Facebook originally started on its remarkable growth trajectory beyond Harvard by rolling out to other colleges, and then the network eventually opened up to the general public. Similarly, if Groups for Schools is successful, and Facebook sees increased engagement levels as a result of the file sharing capability, then it is not at all unlikely that Facebook Groups For Businesses or Organizations could follow. The ability to create a private, company-based group, (validated by company email addresses), with the added ability to upload and share files to group members, and to engage in an ongoing conversation about the files and the comments about those files, heck that sounds like the use case for about 90% of email-based enterprise collaboration today.

    If Facebook were to launch more advanced enterprise-like collaborative features right inside the network, it could mean interesting times ahead for solutions like Yammer and perhaps even Jive. Sure, you can argue with me and claim that these more advanced, enterprise solutions have lots more capability than a simple news feed and the ability to upload files, and while that is true, there is also something they don't have.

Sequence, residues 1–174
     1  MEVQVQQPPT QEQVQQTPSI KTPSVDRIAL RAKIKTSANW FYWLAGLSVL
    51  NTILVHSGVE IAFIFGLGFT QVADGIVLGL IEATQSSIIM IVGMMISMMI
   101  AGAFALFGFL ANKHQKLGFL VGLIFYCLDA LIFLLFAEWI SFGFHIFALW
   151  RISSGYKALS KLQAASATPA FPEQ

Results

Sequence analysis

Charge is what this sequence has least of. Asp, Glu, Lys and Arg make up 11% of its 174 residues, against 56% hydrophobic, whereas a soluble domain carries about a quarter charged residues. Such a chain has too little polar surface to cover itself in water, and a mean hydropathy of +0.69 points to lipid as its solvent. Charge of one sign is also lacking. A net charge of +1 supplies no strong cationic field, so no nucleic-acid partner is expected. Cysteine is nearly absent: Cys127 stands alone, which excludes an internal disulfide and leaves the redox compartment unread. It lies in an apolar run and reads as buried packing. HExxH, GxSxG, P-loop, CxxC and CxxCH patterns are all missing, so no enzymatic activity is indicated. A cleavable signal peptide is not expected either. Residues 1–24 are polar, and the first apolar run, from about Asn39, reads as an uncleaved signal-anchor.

They're not called Facebook. And I would bet that there would be some advantage to the potential adoption rates of a new collaborative tool at work if that tool was already used by 95% of the staff before the project even started.

    What do you think - do you see Facebook even being interested in more 'internal' enterprise networking?

    Would you use Facebook at work to collaborate with your team?